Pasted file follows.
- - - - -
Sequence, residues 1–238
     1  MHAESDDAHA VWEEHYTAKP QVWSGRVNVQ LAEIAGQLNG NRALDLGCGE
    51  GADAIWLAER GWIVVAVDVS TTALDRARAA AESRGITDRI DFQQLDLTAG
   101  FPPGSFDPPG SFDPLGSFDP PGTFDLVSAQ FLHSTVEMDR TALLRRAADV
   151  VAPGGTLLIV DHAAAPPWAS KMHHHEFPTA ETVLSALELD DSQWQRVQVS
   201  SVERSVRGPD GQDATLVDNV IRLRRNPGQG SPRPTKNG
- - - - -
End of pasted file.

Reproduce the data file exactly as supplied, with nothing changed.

Sequence, residues 1–238
     1  MHAESDDAHA VWEEHYTAKP QVWSGRVNVQ LAEIAGQLNG NRALDLGCGE
    51  GADAIWLAER GWIVVAVDVS TTALDRARAA AESRGITDRI DFQQLDLTAG
   101  FPPGSFDPPG SFDPLGSFDP PGTFDLVSAQ FLHSTVEMDR TALLRRAADV
   151  VAPGGTLLIV DHAAAPPWAS KMHHHEFPTA ETVLSALELD DSQWQRVQVS
   201  SVERSVRGPD GQDATLVDNV IRLRRNPGQG SPRPTKNG